After roughly a decade where new great rock riffs were thin on the ground, this is one album that appears intent on redressing the balance. Listening to Cornell and Kim Thayil spool out riff after riff after riff (regardless of the arguments to be made for the virtues to be found in Cornell’s solo output and Audioslave tenure, none of it possess the same --excuse the cliché -- magic that’s evident when he and Thayil are playing together) is a pleasant reminder of just how inventive and idiosyncratic Soundgarden’s music is, using everything from detuned power chords to doubled single-note line to noisy, dissonant textures to create head-bobbing hard rock that is monolithic yet nuanced. In isolation, songs such as “Worse Dreams”, “Eyelids Mouth”, and the hammering “By Crooked Steps” can be appreciated for their composition, for the way the band deploys and tweaks those riffs to take to listener to unexpected yet logical places. But maybe because Cornell and Co. are older and mellower, nothing on King Animal ever goes straight for the jugular. Back when it did, Soundgarden could keep Nirvana at bay at with one hand and Metallica with the other. Yet there really are no worlds left for Soundgarden to conquer, no great victories left to achieve beyond having a hit comeback album that isn’t crap. So we get music that is comfortably, unmistakably Soundgarden, that in the long view of the band’s career can be described as respectably average.

But for a group of Soundgarden’s magnitude and cleverness, average is still pretty damn good. And it’s an average that makes fun. and Of Monsters and Men look positively feeble in comparison. Even in mid-gear and middle age, Soundgarden is still king.


In the wake of Malcolm Young's passing, Jesse Fink, author of The Youngs: The Brothers Who Built AC/DC, offers up his top 10 AC/DC songs, each seasoned with a dash of backstory.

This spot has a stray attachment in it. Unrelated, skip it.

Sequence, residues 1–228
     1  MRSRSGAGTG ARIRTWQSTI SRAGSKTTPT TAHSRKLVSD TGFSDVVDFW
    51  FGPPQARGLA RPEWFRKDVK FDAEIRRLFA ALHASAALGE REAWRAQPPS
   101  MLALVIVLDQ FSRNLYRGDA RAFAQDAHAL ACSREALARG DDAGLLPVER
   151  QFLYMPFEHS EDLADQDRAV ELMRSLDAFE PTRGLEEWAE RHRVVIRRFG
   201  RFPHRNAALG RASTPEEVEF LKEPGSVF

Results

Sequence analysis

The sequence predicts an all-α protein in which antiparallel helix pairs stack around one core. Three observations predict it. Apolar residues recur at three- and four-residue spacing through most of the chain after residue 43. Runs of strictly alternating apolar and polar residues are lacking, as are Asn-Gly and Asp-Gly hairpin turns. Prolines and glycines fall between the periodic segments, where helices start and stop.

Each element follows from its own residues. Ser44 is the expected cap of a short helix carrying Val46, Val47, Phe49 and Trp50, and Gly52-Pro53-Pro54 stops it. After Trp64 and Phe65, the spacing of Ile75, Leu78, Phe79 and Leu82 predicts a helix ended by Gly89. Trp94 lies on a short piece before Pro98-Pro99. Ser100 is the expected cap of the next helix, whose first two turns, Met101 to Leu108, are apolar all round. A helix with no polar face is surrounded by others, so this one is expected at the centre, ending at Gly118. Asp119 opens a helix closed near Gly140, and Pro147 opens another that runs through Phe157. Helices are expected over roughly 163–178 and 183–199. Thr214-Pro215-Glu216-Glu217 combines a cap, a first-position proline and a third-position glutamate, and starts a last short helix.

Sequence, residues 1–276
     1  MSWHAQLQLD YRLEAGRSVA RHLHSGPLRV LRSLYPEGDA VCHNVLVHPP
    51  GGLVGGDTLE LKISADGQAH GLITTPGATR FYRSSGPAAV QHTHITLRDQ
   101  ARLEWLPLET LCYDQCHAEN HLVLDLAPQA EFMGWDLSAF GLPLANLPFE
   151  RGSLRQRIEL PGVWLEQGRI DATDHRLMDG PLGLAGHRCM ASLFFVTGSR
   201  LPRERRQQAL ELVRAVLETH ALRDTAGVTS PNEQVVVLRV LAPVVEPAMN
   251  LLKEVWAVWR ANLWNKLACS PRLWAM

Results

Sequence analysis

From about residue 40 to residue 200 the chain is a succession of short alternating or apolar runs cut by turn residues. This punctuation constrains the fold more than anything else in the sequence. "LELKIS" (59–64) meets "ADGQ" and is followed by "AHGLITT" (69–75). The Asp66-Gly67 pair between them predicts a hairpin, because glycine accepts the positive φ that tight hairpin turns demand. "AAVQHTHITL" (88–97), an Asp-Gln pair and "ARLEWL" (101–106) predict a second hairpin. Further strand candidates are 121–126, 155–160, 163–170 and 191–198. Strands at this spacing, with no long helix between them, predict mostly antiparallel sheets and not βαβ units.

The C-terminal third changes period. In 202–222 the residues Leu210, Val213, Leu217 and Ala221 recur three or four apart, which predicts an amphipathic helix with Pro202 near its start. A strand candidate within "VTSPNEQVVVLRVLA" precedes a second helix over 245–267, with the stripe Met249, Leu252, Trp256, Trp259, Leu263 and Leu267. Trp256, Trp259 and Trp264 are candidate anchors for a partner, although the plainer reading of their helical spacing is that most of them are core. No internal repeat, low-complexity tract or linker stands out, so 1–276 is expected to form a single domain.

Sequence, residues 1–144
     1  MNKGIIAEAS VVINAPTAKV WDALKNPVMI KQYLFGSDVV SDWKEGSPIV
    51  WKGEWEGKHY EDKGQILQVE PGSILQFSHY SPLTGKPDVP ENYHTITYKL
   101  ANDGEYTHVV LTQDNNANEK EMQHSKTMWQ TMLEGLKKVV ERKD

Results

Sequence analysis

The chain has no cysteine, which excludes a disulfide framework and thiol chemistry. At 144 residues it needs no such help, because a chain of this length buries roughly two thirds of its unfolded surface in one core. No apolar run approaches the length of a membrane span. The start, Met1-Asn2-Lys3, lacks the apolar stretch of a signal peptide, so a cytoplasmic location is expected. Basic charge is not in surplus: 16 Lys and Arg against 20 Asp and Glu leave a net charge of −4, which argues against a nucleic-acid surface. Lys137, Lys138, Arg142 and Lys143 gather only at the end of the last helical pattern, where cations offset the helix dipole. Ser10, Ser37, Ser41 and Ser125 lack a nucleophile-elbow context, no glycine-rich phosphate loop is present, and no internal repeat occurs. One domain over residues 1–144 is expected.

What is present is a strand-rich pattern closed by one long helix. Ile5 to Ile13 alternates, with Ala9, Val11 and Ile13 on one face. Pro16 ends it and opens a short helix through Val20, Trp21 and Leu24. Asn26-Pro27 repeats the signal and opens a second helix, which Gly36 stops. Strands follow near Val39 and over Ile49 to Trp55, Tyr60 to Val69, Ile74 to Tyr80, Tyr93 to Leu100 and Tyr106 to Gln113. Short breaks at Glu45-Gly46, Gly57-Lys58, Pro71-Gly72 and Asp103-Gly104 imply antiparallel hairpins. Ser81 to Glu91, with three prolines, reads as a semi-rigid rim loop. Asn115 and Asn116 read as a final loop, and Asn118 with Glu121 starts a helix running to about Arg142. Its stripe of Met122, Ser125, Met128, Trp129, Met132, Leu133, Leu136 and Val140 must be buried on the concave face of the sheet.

Editor's Note: Originally published 30 July 2014.

10. “Bedlam in Belgium”
(Flick of the Switch, 1983)

This is a massively underrated barnstormer from the boys off the much-maligned (unfairly, I think) Flick of the Switch. The album was missing Mutt Lange, but the Youngs did have his very capable engineer, Tony Platt, as co-producer in the studio at Compass Point in the Bahamas. Tony’s a real pro. I think he did a perfectly fine job on this album, which also features the slamming “Nervous Shakedown”.

But what I find most interesting about “Bedlam in Belgium” is that it’s based on a fracas that broke out on stage in Kontich, Belgium, in 1977, involving Bon Scott, the rest of the band, and the local authorities. AC/DC had violated a noise curfew and things got hairy.

Yet Brian Johnson, more than half a decade later, wrote the lyrics with such insight; almost as if he was the one getting walloped by the Belgian police: He gave me a crack in the back with his gun / Hurt me so bad I could feel the blood run. Cracking lyrics, Bon-esque. Unfortunately for Brian, he was removed from lyric-writing duties from The Razors Edge (1990) onwards. All songs up to and including 2008’s Black Ice are Young/Young compositions.

Who’ll be writing the songs on the new album AC/DC has been working on in Vancouver? AC/DC fans can’t wait to hear them. Nor can I.

9. “Spellbound”
(For Those About to Rock We Salute You, 1981)

"Spellbound" really stands as a lasting monument to the genius of Mutt Lange, a man whose finely tuned ear and attention to detail filed the rough edges of Vanda & Young–era AC/DC and turned this commercially underperforming band for Atlantic Records into one of the biggest in the world. On “Spellbound” AC/DC sounds truly majestic. Lange just amplifies their natural power an extra notch. It’s crisp sounding, laden with dynamics and just awesome when Angus launches into his solo.

“Spellbound” is the closer on For Those About to Rock We Salute You, the last album Lange did with AC/DC, so chronologically it’s a significant song; it marks the end of an important era. For Those About to Rock was an unhappy experience for a lot of people. There was a lot of blood being spilled behind the scenes. It went to number one in the US but commercially was a massive disappointment after the performance of Back in Black. Much of the blame lies at the feet of Atlantic Records, then under Doug Morris, who made the decision to exhume an album they’d shelved in 1976, Dirty Deeds Done Dirt Cheap, and release it in-between Back in Black and For Those About to Rock.

In the book Phil Carson, who signed AC/DC to Atlantic, calls it “one of the most crass decisions ever made by a record-company executive” and believes it undermined sales of For Those About to Rock.

8. “Down Payment Blues”